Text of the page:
This being the problem with balancing things - when you adjust one thing (in this case, engine power via fuel flow), you then knock out the amount of distance the car can go on a tank of fuel (and it's different for every car because they all have different engines), and the the time it takes to refuel said car. So then you have to spend a lot of time adjusting the tank size correctly, and then off of that you then need to adjust the fuel fill time for each tank size. And then you have the Manor issue - they ran in high drag, so use more fuel. So is the rate that the Manor used fuel at a good number to work off of? The amount of room for error is massive - any mistake at any point could knock one car quite far off. So the easiest way is just set a maximum stint length and that way you don't bother with fuel tank sizes and fuel refill rates. It's easy but it takes a lot away from the racing as you're essentially mandating the strategy everyone has to run.

Hopefully, it's just a temporary measure until they work it out, because it was a complete mess. Same with the new pit stop regulations - it took a lot away from the two races. Changing that back would be a huge help and allow strategy to become important again.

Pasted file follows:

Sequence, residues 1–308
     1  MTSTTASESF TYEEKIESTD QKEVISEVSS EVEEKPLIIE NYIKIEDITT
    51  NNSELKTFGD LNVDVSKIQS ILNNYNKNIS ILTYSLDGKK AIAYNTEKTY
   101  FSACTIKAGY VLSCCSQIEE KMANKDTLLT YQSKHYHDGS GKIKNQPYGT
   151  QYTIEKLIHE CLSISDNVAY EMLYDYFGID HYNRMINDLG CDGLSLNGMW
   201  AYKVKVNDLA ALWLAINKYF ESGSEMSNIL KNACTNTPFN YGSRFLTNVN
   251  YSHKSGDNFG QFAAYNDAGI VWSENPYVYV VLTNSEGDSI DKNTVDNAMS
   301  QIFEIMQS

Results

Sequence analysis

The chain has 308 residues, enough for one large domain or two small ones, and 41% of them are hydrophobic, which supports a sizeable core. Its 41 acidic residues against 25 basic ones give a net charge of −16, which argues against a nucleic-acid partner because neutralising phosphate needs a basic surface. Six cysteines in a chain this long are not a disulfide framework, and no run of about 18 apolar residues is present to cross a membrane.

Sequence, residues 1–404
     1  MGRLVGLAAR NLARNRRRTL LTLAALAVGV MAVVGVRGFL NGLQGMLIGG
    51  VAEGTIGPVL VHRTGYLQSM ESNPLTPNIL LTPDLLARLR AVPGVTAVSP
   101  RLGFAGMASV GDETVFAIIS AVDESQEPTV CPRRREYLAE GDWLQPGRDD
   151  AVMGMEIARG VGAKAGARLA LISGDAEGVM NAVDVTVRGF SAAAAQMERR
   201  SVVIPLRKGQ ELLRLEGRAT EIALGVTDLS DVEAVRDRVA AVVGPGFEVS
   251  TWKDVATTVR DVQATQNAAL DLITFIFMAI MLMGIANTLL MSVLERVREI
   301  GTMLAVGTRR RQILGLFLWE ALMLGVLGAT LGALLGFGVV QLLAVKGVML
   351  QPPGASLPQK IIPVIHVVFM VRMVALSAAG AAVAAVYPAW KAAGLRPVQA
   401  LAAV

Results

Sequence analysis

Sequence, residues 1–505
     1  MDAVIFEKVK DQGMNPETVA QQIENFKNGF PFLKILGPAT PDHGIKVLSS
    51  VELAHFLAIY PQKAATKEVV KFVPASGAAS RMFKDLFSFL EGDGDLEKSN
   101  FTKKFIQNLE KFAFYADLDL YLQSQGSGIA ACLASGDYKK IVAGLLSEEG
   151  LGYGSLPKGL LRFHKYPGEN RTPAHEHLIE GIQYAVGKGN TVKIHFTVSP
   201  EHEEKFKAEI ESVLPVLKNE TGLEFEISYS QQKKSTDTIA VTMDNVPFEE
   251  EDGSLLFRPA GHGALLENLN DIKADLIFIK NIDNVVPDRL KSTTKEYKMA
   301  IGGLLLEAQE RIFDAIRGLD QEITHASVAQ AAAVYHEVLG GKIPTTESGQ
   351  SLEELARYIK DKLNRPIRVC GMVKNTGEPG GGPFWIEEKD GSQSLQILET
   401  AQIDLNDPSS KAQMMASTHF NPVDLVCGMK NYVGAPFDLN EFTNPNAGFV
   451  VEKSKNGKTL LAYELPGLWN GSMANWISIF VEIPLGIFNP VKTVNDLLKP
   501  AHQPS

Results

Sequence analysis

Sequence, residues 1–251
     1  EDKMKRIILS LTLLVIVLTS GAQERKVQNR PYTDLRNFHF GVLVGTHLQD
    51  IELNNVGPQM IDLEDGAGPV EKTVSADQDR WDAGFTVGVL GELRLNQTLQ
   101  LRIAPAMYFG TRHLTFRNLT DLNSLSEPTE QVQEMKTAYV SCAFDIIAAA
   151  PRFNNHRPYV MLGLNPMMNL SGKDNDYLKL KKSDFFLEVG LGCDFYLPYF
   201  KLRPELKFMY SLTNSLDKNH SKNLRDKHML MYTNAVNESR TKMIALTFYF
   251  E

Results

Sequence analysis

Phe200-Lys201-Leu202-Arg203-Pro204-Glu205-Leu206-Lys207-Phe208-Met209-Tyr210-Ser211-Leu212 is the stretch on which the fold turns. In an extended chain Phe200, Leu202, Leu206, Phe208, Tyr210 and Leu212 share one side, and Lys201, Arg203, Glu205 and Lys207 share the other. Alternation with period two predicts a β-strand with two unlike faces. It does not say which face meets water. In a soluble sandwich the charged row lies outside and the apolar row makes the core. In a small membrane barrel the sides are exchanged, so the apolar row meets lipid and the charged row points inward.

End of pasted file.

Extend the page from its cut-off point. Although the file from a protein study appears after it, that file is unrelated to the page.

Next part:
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Old 18 Jun 2018, 15:34 (Ref:3831657)   #1687
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I am always a GT fan first and foremost, but WEC LMP did keep my interest pretty darn good in 2017. Even so far in 2018 to see if Toyota would break down and we could see a genuine privateer win a race overall. After seeing Toyota run flawlessly for 24 hours. I doubt 2 cars will run into major issues in any of the 3 remaining 6 hour races this year.